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Security systems are everywhere. There are motion sensors in place over garages, security cameras at the entrance of banks, and computer programs that block hackers. Security Systems Engineers are in charge of designing and creating these systems that protect everything from businesses to government offices.
The “Engineer” part of this job title is a little misleading. Though you should have some computer skills to be a Security Systems Engineer, don’t expect to be doing the same type of work as an Aerospace Engineer or a Mechanical Engineer. Instead, the systems you put together are already created security structures. As a Security Systems Engineer, you need to know about all types of security options, and then based on what your client is looking for, you put together a plan that will give them the maximum amount of security.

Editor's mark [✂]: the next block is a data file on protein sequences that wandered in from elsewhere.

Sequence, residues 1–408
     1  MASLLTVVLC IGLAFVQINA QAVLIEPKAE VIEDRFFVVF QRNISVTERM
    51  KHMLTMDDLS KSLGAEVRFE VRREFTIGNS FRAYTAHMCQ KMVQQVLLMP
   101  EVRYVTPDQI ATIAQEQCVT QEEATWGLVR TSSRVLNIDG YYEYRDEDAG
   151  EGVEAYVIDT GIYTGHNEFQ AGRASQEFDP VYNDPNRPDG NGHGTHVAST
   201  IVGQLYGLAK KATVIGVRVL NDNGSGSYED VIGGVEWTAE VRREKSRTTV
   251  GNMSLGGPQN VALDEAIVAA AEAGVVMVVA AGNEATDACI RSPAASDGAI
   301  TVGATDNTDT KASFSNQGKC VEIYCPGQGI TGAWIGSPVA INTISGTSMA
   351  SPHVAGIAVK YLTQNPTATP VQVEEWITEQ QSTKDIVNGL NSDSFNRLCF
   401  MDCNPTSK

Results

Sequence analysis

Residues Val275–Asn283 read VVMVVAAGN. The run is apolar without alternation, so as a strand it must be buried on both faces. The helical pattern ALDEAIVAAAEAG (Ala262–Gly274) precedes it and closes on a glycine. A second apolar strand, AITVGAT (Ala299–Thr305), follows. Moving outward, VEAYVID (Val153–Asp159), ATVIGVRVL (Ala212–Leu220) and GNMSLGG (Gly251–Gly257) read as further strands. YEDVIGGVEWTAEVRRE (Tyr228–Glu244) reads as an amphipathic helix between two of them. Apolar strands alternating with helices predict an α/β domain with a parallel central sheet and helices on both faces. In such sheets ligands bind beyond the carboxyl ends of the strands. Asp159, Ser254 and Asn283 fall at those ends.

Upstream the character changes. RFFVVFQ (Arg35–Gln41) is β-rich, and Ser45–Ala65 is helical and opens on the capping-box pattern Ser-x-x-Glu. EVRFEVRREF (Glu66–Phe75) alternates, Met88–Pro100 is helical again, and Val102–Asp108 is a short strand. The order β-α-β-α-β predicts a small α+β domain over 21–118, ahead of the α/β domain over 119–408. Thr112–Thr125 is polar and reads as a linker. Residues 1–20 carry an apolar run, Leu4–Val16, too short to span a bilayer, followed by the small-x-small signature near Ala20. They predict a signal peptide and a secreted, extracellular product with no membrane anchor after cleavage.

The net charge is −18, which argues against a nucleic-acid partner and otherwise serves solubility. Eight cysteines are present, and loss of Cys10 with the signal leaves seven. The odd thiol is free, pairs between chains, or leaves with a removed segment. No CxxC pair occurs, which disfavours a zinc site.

Say, you’re helping protect a government office. Outside, you might position large cement planters to ensure no truck can drive into the building, focus security cameras on all the doors, and require strict authorization codes to gain access to the front door. Inside, you might post Guards at every doorway, require impossible-to-recreate identity badges for all employees, and have computer information strictly encoded.
When not planning out new systems, you run tests on older ones to ensure they still work, research and test new types of security, and meet with clients to offer consultation services.